Meaning of Italian in English:

Italian

Pronunciation /ɪˈtaljən/

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adjective

  • Relating to Italy, its people, or their language.

    ‘Deschamps brought in older players from Italy and also Italian coaches in that first year.’
    • ‘He even knows two British guys who run an Italian cookery school in Italy.’
    • ‘I have many friends in Italy and Italian football after playing all those years.’
    • ‘He convinced Italian scholars that the language of science need not always be Latin.’
    • ‘Neither could speak the language and they struggled to embrace the discipline demanded by Italian clubs.’
    • ‘The under 16s are going on tour to Italy in August where they will be playing two Italian teams.’
    • ‘Joe Jordan was with our party and he is a God in Italy so you had all these Italian fans turning up too.’
    • ‘Afterwards, we retired over the road for a really tragic Italian meal.’
    • ‘This was originally a warehouse for the storage of ice, owned by Swiss Italian entrepreneur Carlo Gatti.’
    • ‘It's a surprisingly nice backdrop in which to enjoy Italian classics at bargain prices.’
    • ‘Not for nothing do they call Munich the most northerly Italian town, all brio, baroque and bragadoccio.’
    • ‘The smell of fish sauce sent my head spinning so I was trying to find Italian food instead in Bangkok.’
    • ‘The menu will be a melange of Indian and Italian cuisine and comes with beer.’
    • ‘At last year's summit in Genoa, one protester died in clashes with Italian police.’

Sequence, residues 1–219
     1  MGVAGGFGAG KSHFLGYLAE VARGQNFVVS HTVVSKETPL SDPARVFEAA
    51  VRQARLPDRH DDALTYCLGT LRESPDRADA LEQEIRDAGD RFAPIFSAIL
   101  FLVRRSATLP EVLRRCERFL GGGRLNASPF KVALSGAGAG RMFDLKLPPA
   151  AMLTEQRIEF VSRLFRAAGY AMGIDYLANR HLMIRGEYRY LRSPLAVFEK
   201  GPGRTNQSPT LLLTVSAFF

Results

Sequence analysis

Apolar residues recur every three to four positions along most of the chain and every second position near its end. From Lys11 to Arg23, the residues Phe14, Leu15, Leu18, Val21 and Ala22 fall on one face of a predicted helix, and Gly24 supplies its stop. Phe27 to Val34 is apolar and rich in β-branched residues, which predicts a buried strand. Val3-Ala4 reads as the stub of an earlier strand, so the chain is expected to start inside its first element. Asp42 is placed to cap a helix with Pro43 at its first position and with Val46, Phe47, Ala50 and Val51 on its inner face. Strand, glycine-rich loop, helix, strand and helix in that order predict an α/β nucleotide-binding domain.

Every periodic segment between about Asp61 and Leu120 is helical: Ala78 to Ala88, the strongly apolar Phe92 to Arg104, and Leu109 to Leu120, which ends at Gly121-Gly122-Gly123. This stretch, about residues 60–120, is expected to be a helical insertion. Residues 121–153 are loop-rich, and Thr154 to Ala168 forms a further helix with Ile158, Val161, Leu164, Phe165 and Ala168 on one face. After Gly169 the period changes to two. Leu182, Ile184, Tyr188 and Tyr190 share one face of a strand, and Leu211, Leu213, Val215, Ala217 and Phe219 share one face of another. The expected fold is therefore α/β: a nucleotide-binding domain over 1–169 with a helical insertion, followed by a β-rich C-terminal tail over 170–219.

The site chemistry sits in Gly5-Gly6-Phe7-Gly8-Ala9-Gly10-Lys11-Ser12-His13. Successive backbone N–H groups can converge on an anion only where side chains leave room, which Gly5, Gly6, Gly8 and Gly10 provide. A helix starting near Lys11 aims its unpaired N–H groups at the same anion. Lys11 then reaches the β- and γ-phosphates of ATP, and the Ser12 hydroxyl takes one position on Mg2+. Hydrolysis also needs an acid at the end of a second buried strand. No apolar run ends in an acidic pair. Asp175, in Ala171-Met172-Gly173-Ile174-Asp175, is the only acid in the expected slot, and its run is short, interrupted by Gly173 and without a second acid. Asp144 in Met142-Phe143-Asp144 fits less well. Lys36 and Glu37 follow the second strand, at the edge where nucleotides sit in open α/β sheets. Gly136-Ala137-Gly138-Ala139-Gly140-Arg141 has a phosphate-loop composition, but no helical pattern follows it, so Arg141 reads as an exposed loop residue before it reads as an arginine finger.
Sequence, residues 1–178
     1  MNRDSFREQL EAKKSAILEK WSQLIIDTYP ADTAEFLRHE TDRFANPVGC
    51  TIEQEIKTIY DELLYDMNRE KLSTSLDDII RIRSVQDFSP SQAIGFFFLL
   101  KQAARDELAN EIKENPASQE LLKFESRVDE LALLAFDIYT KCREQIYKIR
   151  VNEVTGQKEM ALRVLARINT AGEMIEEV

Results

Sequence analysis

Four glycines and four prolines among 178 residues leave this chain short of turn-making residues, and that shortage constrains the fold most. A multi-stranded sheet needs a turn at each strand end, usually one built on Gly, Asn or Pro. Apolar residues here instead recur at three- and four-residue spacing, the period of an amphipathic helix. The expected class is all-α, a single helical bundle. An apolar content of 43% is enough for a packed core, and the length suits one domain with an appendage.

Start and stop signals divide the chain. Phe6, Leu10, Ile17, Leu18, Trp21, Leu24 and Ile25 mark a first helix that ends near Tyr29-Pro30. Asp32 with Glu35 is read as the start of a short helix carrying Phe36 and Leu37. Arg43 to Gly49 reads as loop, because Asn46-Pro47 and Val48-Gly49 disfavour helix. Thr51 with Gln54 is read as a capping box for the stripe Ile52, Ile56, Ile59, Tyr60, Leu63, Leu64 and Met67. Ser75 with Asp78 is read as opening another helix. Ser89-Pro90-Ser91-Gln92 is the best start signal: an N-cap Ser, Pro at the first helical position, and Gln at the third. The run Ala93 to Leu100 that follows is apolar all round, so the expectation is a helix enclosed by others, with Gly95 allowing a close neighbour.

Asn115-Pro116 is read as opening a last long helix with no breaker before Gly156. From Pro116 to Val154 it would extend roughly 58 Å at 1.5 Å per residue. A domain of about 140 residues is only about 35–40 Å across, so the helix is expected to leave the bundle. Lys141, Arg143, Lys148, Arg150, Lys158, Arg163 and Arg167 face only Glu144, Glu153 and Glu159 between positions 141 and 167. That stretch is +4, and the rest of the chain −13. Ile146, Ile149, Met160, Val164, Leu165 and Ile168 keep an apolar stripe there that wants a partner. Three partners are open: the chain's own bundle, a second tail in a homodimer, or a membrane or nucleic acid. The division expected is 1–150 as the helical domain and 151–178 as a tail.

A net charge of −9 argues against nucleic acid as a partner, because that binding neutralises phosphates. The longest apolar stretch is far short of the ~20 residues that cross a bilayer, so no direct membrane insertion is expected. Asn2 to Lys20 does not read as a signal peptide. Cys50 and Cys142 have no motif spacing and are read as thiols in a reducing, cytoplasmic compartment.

• ‘A basket of good Italian bread and butter was brought and by the time we'd finished it, our starters had arrived.’
    • ‘Quicker than a shot of espresso, a Morecambe-based record company has signed up a hot new Italian artist.’
    • ‘Buffalo milk is also used to produce prized Italian cheese mozzarella.’
    • ‘Her death, reportedly with a pink rosary in her hand, was on the front page of every important Italian newspaper.’
    • ‘On my must-try list are Greek lamb with oregano and lemon, and Italian ricotta tart with a chocolate crust.’
    • ‘He loves his food and I can't cook, so he always finds little Italian delis.’

noun

  • 1A native or inhabitant of Italy, or a person of Italian descent.

    ‘Nor was there any question here of native Italians drafting their own constitution.’
    • ‘The Italians at least showed us what a national anthem should be all about.’
    • ‘Alessandro was also a firm believer that all Italians should live under Italian rule.’
    • ‘France was rich, Italy poor, so there were plenty of Italians in France trying to make a living.’
    • ‘It was clear to foreigners and Italians alike that Spain was the dominant power in Italy.’
    • ‘How did your performance and that of the other Italians in Sydney affect the sport in Italy?’
    • ‘He was with the army in the north of Italy when he was taken prisoner by the Italians.’
    • ‘There were two full buses carrying people from all over Europe and another bus of Italians and Germans on its way.’
    • ‘There was the expected civil disobedience that Italians often have for many of the country's laws.’
    • ‘The Italians paid the price for their failure to kill the game off when Varga found the target.’